1. How to reap your autumn garden harvest and enjoy throughout winter

    Harvest happiness! What an amazing time of year. The trees are gradually beginning to transform  during October and the colours within the vegetable garden are golden. Garden harvests are being reaped and those with the time and inclination are researching recipes for preserving.

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  2. 3 easy steps to the 'no dig method' of gardening and why it can work for you

    The 'no dig method' of gardening is a growing trend, try it before the main vegetable planting season arrives

    So, here we are, more than three quarters of the way through January already. Grow your own enthusiasts and those with an allotment will already be champing at the bit, eager to start sowing and growing. Let’s look at what you can be getting on with right now. It’s a great month for preparing the plot. For some, this means digging. This helps to bury weeds and loosen the soil. Digging the vegetable garden or allotment in order to prepare for spring  growing and sowing is the traditional way to go about things, but with the benefit of ecological understanding together with science, it might not be necessary.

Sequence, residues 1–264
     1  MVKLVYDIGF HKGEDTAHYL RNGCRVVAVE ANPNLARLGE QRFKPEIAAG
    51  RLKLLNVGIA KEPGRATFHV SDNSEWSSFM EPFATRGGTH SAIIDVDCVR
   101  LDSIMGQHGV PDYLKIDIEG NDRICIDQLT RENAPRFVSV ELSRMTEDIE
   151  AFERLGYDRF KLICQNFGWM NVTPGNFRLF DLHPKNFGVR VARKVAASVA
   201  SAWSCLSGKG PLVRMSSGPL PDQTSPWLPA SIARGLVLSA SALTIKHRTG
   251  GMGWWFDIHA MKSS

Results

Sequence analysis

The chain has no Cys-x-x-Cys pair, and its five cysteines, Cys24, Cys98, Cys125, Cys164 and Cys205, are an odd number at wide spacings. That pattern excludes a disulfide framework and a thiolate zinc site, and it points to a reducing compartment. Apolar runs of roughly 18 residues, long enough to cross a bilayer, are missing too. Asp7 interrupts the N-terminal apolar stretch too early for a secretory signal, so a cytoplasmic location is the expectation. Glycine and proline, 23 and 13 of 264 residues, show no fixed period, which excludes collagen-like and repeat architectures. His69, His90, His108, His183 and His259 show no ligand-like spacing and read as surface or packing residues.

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  3. Harvest happiness! How to manage your vegetable and fruit glut

    It's harvest time, but what can you do with excess produce from the garden?

    Anyone with a kitchen garden or allotment should be enjoying a harvest glut right now. The apples are ripe for plucking, courgettes are still coming, onions are ready for drying, tomatoes are ripening on the vine and potatoes are inviting you to dig for their delicious treasure. There are still runner beans hiding amongst the climbing green foliage, autumn-fruiting raspberries and tayberries are luscious, blackberries taste beautiful and beetroot is bursting from the soil. If you’re lucky enough to have a fig tree, be sure to collect your fruit by the beginning of October as they won’t tolerate frost. There are late-season plums to harvest too, and damsons which can be picked while slightly unripe as you’ll be cooking them. apples, harvest, apple picking, picking apples, rosy fruits, fruit, september in the garden, october in the garden, glut of fruit, kitchen garden, perfectplants.co.uk, It's apple harvest time! But what can you do with all those luscious fruits?

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  4. Five best herbs and vegetables for the kitchen garden

    Ready, steady, grow your own! Here’s five of the best for the kitchen garden

    So, the major growing season is upon us and danger of frost will soon be a thing of the past. There’s no time to waste down on the vegetable plot and the sooner you start growing, the faster your crops will be making their way to the kitchen table. Are you a newbie to kitchen garden vegetable growing? Here’s our selection of five easy crops that can be sown and grown now. Read more
  5. It's never too late... or too early... to dip a toe into the allotment

    Ever fancied having an allotment? Why it's becoming a growing trend